Canadian consumers

Laden with their own debt, facing volatility

The American economy is heavily reliant on consumer spending, and consumers don't spend when they lack confidence. So while the bond specialists and sovereign-debt analysts worry about Treasury bonds moving half of a per cent higher, what the debt-ceiling crisis boils down to for the average American is passing something that doesn't rock the boat on household finances.

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Should lawmakers succeed in getting a deal in place, consumers are likely to carry on as they were. If the opposite happens, already strained weekly budgets could be tightened even more out of fear that the economy could tank. There are also deeper concerns that consumers may not fully comprehend.

Without a deal, there is a chance borrowing costs will rise, which means mortgage rates could jump higher and lines of credit bear a higher rate of interest. Try convincing an already rattled American to take out a loan that now costs them more money. And those higher costs won't stop at the border. Canadian banks, too, could be forced to hike rates. Just how much higher is still unknown. But at a time when Canadian household debt has reached record levels in the past year, low consumer confidence and higher interest rates are a volatile mix.


Susceptible to a 'reverse stimulus' effect

Investors are growing more nervous with each passing day, and that has sent American stocks on a five-day slide. This trend is bound to reverse course once news of a deal breaks, but the joy could be temporary. Any bill, regardless of which party puts it forward, will contain spending cuts that function like a reverse stimulus package.

Take Medicare. Forcing seniors to pay more out of their own pockets for health care will hurt their discretionary income, and that is bound to hit corporate bottom lines. As for the macro economy, even if a deal is reached, the U.S.'s massive amounts of debt will still be in the spotlight because Congress must comb through the budget to find what should and shouldn't be cut. Reminders of that burden will do little to comfort foreign investors.

Should the debt-ceiling deadline come and go with no deal, market volatility will be front and centre. During the worst of the financial crisis, equity and debt markets suffered from wild swings as investors hung on every little piece of news. This time around, fixed-income investors could bear the brunt of the pain because a U.S. debt downgrade will force some money managers to dump their Treasury bonds. (Some of the biggest money management firms and pension funds are mandated to hold only triple-A securities, the safest form of debt.)

Much like an earthquake in the middle of the ocean, anything that happens to Treasury bonds will ripple through the markets.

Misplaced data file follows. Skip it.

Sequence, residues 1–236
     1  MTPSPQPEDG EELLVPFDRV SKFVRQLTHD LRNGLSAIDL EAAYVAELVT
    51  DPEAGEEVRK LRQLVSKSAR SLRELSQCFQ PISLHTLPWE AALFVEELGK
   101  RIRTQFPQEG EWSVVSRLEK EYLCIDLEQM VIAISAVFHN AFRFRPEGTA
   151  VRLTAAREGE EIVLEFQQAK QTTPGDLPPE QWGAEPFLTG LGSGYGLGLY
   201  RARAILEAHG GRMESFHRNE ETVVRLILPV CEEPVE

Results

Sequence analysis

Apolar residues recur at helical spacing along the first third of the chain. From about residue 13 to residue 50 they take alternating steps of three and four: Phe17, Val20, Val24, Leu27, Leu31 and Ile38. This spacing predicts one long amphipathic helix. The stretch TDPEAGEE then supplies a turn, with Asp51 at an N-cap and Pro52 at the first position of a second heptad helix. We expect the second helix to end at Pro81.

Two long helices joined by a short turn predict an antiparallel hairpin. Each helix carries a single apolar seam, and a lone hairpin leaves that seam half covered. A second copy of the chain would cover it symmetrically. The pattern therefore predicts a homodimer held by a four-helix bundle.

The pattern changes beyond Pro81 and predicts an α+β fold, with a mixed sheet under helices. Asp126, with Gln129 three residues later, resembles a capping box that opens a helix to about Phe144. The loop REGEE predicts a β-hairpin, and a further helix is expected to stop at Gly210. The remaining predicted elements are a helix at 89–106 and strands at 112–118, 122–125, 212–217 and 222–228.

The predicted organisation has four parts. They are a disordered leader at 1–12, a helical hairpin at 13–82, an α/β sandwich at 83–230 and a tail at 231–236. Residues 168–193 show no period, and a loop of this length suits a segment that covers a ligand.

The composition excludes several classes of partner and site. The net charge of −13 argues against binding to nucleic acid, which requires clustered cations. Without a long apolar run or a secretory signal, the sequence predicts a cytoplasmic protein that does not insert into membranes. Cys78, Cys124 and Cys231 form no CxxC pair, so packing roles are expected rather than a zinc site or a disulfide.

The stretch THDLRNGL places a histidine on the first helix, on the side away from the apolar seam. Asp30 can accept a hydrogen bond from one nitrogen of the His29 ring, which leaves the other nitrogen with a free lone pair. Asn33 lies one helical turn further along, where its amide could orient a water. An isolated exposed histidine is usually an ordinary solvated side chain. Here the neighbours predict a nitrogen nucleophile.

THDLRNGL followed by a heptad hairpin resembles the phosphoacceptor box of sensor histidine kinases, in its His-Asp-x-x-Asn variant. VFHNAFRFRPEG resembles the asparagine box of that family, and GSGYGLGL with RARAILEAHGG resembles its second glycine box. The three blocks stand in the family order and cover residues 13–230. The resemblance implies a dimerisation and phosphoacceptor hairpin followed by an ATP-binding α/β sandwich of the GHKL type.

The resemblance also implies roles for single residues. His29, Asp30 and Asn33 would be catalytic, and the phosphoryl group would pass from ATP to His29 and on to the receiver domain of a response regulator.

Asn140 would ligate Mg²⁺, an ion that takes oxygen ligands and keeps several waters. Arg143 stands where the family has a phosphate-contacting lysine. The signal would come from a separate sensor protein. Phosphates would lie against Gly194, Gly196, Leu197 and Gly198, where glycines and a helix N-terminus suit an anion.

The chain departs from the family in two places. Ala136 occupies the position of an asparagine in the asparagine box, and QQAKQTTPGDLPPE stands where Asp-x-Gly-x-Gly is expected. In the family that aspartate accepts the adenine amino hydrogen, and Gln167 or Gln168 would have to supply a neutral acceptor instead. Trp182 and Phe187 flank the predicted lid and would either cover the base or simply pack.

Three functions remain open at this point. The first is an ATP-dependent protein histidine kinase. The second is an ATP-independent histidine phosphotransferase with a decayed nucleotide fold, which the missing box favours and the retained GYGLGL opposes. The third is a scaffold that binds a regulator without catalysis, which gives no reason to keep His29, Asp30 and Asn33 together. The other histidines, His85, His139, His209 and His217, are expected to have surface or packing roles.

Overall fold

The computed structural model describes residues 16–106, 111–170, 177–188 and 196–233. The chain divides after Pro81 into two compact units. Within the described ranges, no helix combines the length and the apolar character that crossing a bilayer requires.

Mark Carney

Struggling against the dangers of an overheated dollar

The Bank of Canada governor faces a conundrum created by a soaring Canadian dollar. The loonie now sits above $1.05 (U.S.) and keeps getting driven higher by the ever-weakening U.S. dollar. It's a similar story around the world as investors flock to safe-haven currencies, such as the Swiss franc, which is now at record levels against the greenback. If the U.S. reaches a deal to stave off a default, and the greenback stabilizes, Mr. Carney can go back to managing the Canadian economy as he has been, trying to keep interest rates low enough to ensure economic growth continues heading in the right direction.

If the U.S. talks are derailed, and the greenback plunges further, Mr. Carney will have to take steps to keep the Canadian dollar from overheating. The soaring Canadian dollar, though good for vacationers stepping across the U.S. border this summer, threatens to wreak havoc for Canada's exporters because American firms will have to cough up more U.S. dollars to buy the same amount of Canadian goods. This has a potential impact on jobs and salaries at home. A hot dollar is one thing for Mr. Carney. An overheated dollar is an entirely different concern.

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About the Authors
Senior Writer

Grant Robertson is an award-winning journalist who has been recognized for investigative journalism, sports writing and business reporting. More

Reporter and Streetwise columnist

Tim Kiladze is a business reporter with The Globe and Mail. Before crossing over to journalism, he worked in equity capital markets at National Bank Financial and in fixed-income sales and trading at RBC Dominion Securities. Tim graduated from Columbia University's Graduate School of Journalism and also earned a Bachelor in Commerce in finance from McGill University. More